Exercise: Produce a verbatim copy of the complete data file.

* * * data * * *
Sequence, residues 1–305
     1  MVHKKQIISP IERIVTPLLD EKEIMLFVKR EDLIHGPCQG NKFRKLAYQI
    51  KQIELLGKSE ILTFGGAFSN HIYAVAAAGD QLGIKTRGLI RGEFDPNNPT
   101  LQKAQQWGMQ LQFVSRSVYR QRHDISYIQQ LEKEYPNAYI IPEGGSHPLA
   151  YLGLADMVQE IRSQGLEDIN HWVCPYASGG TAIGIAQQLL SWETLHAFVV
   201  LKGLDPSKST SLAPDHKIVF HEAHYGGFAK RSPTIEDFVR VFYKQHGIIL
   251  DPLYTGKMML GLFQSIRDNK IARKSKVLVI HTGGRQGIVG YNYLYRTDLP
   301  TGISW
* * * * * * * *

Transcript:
Sequence, residues 1–305
     1  MVHKKQIISP IERIVTPLLD EKEIMLFVKR EDLIHGPCQG NKFRKLAYQI
    51  KQIELLGKSE ILTFGGAFSN HIYAVAAAGD QLGIKTRGLI RGEFDPNNPT
   101  LQKAQQWGMQ LQFVSRSVYR QRHDISYIQQ LEKEYPNAYI IPEGGSHPLA
   151  YLGLADMVQE IRSQGLEDIN HWVCPYASGG TAIGIAQQLL SWETLHAFVV
   201  LKGLDPSKST SLAPDHKIVF HEAHYGGFAK RSPTIEDFVR VFYKQHGIIL
   251  DPLYTGKMML GLFQSIRDNK IARKSKVLVI HTGGRQGIVG YNYLYRTDLP
   301  TGISW